Addicted to credit cards? 5 questions to ask
Your credit cards can be handy little tools if you find yourself short of cash at the gas pump or in need of an unplanned new furnace.
But whipping out your plastic for everything from a sub sandwich or cup of coffee to groceries and new trinkets at the mall could be a sign you’re headed for a mountain of debt. And that you might be addicted to using credit cards.
To determine if you’re destined for credit addiction, or might even already be a credit addict, ask these questions:
- Do I routinely buy things only to return them?
- Do I take clothes, toys or household items to the resale shop or donation center that still have the price tags on them?
- Do I charge everything, even small items that I used to pay for with cash?
- Do I use credit cards more than I should simply to rake in the rewards (miles, points, and cash back)?
- Do I have a wallet full of credit cards so that I always have access to credit (if one card is at its credit limit, I pull out another)?
If you answered yes to two or three of these, you could be in trouble.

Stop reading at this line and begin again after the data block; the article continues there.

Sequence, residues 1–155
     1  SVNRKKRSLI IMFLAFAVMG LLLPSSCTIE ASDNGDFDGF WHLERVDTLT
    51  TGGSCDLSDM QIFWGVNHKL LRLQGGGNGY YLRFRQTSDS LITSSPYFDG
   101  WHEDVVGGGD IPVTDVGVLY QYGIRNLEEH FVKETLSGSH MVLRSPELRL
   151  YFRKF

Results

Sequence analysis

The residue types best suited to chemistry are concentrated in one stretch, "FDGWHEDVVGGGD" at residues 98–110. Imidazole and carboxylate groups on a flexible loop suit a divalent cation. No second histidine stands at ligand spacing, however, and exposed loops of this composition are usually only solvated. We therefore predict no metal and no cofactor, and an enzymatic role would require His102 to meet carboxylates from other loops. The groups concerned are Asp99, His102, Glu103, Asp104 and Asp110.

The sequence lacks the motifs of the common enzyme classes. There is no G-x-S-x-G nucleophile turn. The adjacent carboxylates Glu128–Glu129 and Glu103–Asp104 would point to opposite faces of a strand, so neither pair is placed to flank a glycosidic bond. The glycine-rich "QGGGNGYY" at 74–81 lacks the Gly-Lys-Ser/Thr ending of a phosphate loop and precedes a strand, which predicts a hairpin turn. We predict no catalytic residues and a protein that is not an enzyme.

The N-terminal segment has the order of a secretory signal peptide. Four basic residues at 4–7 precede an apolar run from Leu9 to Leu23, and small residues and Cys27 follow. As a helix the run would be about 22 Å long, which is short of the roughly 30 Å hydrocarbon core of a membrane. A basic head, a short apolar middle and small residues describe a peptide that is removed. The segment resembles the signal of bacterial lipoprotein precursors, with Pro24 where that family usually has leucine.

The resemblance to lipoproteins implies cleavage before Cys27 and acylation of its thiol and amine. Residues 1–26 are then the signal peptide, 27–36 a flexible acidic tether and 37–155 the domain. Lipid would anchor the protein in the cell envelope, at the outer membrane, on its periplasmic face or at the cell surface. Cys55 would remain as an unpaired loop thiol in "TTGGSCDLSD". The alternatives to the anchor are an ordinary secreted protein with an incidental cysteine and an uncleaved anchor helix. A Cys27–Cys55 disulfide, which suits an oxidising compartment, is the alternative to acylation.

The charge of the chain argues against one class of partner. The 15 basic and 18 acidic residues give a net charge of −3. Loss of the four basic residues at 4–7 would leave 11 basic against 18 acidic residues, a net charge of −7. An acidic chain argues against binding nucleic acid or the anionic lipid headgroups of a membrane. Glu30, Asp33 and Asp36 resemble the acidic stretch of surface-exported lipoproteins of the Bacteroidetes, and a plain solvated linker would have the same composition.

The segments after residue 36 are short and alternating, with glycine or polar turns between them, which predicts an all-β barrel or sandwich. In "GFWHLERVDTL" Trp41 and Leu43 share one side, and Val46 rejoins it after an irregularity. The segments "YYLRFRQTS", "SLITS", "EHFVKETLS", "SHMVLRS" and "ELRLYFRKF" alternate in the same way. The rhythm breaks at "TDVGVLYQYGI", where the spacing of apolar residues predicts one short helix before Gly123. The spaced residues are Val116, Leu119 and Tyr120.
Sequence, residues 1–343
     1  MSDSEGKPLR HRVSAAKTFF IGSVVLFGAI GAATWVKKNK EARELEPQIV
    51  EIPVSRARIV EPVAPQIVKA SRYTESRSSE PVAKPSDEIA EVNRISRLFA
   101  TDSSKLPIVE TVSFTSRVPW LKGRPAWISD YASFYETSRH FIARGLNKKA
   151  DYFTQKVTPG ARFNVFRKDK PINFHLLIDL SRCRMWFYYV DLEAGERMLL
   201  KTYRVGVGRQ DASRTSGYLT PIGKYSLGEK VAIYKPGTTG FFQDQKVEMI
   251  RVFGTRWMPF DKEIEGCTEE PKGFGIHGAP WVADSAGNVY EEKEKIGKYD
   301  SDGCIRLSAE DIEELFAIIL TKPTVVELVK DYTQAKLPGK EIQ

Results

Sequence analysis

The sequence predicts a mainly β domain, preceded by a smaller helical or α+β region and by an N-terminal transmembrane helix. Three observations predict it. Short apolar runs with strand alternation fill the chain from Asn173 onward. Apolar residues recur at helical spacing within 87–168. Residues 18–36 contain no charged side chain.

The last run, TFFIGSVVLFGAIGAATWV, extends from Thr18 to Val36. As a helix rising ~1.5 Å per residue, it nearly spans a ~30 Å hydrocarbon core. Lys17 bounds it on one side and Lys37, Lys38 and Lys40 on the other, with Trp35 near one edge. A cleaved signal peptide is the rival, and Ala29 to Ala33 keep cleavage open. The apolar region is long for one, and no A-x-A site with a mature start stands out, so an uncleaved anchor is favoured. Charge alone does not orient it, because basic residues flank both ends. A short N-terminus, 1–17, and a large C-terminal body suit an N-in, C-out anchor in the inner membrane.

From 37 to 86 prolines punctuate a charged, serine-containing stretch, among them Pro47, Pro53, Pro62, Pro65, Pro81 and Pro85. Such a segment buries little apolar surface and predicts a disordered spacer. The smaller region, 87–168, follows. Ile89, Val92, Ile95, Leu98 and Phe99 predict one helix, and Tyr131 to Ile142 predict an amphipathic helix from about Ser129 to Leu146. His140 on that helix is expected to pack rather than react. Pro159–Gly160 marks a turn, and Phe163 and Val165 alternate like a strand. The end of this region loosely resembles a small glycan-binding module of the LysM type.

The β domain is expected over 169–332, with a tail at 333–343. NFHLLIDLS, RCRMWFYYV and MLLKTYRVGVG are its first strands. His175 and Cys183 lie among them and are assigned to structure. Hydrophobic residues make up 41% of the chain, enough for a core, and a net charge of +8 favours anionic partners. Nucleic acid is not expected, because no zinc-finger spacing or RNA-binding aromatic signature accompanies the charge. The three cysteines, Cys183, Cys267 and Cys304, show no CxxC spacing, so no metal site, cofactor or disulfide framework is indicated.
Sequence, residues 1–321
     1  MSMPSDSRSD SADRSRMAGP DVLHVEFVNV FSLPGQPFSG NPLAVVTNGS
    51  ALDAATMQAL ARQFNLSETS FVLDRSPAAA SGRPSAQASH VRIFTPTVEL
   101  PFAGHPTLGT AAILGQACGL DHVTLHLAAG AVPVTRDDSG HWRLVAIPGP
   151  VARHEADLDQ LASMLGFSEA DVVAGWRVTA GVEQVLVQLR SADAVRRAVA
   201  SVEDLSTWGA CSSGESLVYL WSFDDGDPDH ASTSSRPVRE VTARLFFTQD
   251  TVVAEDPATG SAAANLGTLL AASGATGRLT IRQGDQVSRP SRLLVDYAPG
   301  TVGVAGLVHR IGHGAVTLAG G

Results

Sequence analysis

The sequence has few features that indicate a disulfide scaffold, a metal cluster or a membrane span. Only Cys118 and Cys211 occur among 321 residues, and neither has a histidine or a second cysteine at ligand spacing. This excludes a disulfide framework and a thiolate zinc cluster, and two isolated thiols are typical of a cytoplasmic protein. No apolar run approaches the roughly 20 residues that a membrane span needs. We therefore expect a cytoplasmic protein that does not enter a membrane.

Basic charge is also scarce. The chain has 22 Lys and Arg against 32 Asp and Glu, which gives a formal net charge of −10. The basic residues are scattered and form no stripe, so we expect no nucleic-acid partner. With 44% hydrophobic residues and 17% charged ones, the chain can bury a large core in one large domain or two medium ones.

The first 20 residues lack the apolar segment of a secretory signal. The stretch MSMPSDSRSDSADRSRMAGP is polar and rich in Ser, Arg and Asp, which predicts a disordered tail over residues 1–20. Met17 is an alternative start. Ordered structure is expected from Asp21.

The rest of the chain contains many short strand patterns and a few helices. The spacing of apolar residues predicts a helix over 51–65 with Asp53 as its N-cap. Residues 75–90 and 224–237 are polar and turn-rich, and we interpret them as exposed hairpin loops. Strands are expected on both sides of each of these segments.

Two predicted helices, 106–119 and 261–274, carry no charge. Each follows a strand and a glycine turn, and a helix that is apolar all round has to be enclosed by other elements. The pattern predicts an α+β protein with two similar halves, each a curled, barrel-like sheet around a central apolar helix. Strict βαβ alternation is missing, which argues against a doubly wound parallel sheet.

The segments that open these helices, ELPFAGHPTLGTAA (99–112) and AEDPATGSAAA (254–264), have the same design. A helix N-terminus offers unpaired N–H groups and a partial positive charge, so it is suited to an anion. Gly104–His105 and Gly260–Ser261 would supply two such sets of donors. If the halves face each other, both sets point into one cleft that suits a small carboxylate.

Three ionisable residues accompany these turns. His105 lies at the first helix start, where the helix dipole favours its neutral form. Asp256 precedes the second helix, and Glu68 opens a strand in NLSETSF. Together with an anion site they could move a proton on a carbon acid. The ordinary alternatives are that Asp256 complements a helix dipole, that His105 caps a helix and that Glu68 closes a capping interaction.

Talking to a credit counselor -- even if your cards aren’t maxed out -- can help you break the cycle of addiction and spare your credit score from suffering.
If you can raise your hand with a resounding yes to four or more of these questions, you could be addicted to credit cards.
In addition to credit counseling, you can break the addictive cycle if you:
Carry cash. Getting in the habit of paying with a few dead presidents instead of plastic will help ease you off of always swiping your credit card.
Use a debit card instead. Technically, it is still plastic, but debit cards don't accrue interest and over the limit fees. So in the end you get the same freedom associated with credit cards, without risking falling deep in debt.
Leave your cards at home. If they’re not in your wallet, you can’t swipe them at the store, pump or deli.
Our 7 smart moves to curb your spending is another good place to start.
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